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HPV Vaccine Is Credited in Fall of Teenagers’ Infection Rate
New York Times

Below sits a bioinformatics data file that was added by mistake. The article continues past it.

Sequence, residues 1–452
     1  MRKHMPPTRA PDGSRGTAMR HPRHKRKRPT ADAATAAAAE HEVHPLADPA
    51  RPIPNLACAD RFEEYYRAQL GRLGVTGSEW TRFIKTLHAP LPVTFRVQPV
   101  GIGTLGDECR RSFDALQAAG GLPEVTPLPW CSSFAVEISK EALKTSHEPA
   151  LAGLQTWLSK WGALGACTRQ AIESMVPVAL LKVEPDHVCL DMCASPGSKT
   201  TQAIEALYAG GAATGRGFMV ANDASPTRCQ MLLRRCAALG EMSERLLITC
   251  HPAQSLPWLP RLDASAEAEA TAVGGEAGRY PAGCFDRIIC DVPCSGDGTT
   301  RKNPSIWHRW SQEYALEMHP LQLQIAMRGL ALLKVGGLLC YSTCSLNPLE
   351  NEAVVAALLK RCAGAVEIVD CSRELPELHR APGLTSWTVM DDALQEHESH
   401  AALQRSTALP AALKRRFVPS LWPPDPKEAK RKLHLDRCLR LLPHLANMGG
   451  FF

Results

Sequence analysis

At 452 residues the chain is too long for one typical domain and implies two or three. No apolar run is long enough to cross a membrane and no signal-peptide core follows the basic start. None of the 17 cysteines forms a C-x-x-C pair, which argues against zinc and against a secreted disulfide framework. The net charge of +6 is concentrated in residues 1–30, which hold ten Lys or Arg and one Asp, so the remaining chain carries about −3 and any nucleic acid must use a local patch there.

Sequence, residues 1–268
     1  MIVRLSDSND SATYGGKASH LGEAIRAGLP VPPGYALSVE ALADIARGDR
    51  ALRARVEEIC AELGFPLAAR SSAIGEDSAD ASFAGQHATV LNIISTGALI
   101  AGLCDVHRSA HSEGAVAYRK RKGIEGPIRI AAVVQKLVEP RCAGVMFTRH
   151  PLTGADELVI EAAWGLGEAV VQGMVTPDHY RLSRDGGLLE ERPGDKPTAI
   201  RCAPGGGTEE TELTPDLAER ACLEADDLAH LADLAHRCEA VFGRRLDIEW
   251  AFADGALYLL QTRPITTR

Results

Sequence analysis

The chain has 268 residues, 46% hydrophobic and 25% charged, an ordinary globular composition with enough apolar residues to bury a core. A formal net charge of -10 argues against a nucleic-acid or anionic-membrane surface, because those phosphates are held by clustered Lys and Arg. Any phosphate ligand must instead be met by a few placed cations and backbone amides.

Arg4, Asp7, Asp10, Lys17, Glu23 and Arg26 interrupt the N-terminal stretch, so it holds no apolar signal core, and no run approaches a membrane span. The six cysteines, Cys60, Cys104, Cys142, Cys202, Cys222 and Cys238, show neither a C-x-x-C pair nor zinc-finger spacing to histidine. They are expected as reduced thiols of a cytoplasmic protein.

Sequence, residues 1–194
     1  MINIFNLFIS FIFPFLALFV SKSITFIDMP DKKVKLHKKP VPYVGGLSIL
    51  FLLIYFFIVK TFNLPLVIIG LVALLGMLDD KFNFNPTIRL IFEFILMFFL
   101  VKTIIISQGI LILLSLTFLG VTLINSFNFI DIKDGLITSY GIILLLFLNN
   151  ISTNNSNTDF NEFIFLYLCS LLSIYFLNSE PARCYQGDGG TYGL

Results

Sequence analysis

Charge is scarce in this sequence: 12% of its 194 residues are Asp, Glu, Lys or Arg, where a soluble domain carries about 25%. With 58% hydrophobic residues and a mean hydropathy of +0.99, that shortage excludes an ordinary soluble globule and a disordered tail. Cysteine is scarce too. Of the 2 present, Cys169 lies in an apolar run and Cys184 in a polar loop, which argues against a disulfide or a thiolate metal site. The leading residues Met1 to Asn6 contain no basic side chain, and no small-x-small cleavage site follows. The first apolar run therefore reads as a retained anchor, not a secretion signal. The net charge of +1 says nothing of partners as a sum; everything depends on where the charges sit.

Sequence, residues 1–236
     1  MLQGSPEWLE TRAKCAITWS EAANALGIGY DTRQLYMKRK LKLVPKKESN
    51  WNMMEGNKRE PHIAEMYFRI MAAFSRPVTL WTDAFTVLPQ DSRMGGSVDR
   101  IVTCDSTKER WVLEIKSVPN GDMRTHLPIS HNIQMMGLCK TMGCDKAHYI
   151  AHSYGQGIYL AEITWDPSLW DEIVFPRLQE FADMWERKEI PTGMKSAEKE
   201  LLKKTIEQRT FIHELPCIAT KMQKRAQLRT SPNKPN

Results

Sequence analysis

The prevalence of dangerous strains of the human papillomavirus — the most common sexually transmitted infection in the United States and a principal cause of cervical cancer — has dropped by half among teenage girls in the last decade, a striking measure of success for a vaccine that was introduced only in 2006, federal health officials said on Wednesday. Infection with the viral strains that cause cancer dropped to 3.6 percent among girls ages 14 to 19 in 2010, from 7.2 percent in 2006, a new study has found.

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